I lived in London for 5 years from my early to my late twenties, and as a result, I spend time there as often as I can. Don’t let anyone ever tell you any different – it is truly is one of the best cities on earth.
A lot of people tell me that they’re surprised by my love for London – for someone so preoccupied with trying to live more sustainably, I guess it seems odd for me to be obsessed with a massive, crowded, smoggy city. But London is also a full of remarkable businesses who are leading the way when it comes to sustainability.
Here are just a few to get you started:
One of the best meals of my life was cooked by critically-acclaimed New York chef Dan Barber – part of a food waste themed event on Selfridges’ rooftop. Sadly, that pop up was temporary – but there’s still loads of innovative sustainable cooking to be found around the city.
The Duke of Cambridge in Islington was London’s first ever 100% organic pub. Not only is this place totally gorgeous to look at and sit in, but the food is excellent too. Stop by for a leisurely lunch of roasted seasonal veg with polenta chips & pesto.
Alternatively, in East London, you can find the city’s first fully vegan pub. The Spread Eagle describes itself as a “a quintessentially British corner pub, with an emphasis on minimal waste.” All food, drink and fixtures are plant-based, and the kitchen runs a seasonal menu working directly with foragers and local producers to replicate pub classics and British desserts with influences from all over the world.
If you’re into farm-to-table cooking, seek out one of the Gladwin Brothers‘ restaurants; as a farmer, a chef, and a restauranteur they bring their shared love for delicious food, foraging, and British farming to London’s dining tables.
I’ve eaten at both The Rabbit in Chelsea and The Nutbourne in Battersea and both were great. Think modern British dishes made with wild, foraged, seasonal and sustainable produce. It’s also worth trying the award-winning wines from their family-owned vineyard, the Nutbourne estate.
But really, my must-visit sustainable restaurant is Silo (read my review here). From the outside, this industrial warehouse venue doesn’t look like much, but inside, the spacious dining room feels like a chic art gallery – with today’s menu projected in enormous letters on the white-washed, exposed brick wall.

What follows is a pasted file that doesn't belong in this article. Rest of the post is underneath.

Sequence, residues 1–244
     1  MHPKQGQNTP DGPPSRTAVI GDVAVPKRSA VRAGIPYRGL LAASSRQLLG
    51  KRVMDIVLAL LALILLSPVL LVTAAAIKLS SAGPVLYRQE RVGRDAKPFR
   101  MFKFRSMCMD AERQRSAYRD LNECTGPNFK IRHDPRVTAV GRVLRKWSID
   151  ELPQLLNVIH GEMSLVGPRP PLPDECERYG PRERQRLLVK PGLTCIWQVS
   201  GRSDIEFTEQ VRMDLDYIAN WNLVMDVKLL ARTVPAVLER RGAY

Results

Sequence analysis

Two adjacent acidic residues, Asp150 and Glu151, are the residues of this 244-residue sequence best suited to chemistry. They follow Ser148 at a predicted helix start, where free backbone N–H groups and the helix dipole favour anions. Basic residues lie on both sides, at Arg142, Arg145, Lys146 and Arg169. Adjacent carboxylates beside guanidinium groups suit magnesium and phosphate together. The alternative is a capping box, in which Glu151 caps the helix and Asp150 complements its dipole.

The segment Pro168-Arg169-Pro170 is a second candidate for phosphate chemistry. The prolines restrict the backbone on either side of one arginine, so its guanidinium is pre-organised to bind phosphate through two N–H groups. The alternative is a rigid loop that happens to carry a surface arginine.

The mainly plant-based menu is as fascinating, as it is delicious. For example, the tasting menu – priced at £50pp – starts with ‘siloaf’ bread with aged butter (with flour milled and butter churned in house), and ends with an ice cream sandwich made with the waste elements from the same dish. If the tasting menu is within your budget – do it, it won’t disappoint!
The Corner London City in East London is my go-to. It’s a quirky, budget hotel with loads of personality (in a great zone 1 location) but it also creates 67 per cent fewer CO2 emissions than the UK industry average, thanks to sensor LED lighting and 40 solar panels tucked up on the roof. Not only that, it uses 41 per cent less water due to airdrop shower heads in every room, which mix air with water to reduce each average guest’s water consumption by 25 per cent. Clever!
Head to Borough Market for fresh, seasonal, locally grown foodie produce all year round; there’s good reason this market is so famous. My top tip is not to leave it until lunchtime when it’s heaving, head down there as early as you can to beat the hoards and have your pick of the day’s best.
One of the city’s best-loved destinations for eco fashion, is Aida. Launched in 2012 by four sisters, it’s an excellent place to discover sustainable brands – like every it-girl’s favourite trainer brand, Veja.
Alternatively, you can head to one London’s many bustling weekend markets for a variety of handmade, vintage or locally made goodies – from clothing to jewellery to homeware. A far more sustainable (and less stressful!) option than trawling the high streets and department stores of the West End.
Did you know that a whopping 47% of London is green space? Whether you choose to meet the ducks and the pelicans at one of the royal gardens like Hyde Park or Chelsea Physic Garden, or you head out to enjoy one of the wilder spots like Hamstead Heath or Richmond Deer Park – London’s city parks really are among the world’s best. You can read more about some of London’s prettiest parks and commons here.
My favourite green space has to be Wimbledon Common. I used to live at the bottom of Wimbledon hill, but a short walk up to Wimbledon Village and I felt like I was in a little English market town. I could treat myself to a brisk walk in the wildness of the common, before sitting outside one of the traditional pubs, watching all of the horses being walked out of the stables and taken across the road for their daily hacks.
For getting around:
Try Green Tomato Cars, the city’s eco-friendly answer to Uber. London’s only sustainable car service uses hybrid vehicles, and were also the first private car company in the city to double offset their emissions. They also work with four key London charities – Tree For Cities, Great Ormond Street Hospital, whizz – kidz and The Kensington Temple School.
Know any other great eco-friendly London spots? Let me know in the comments below! You can also search for London-based members of the Sustainable Restaurant Association by visiting www.foodmadegood.org/meet-our-members.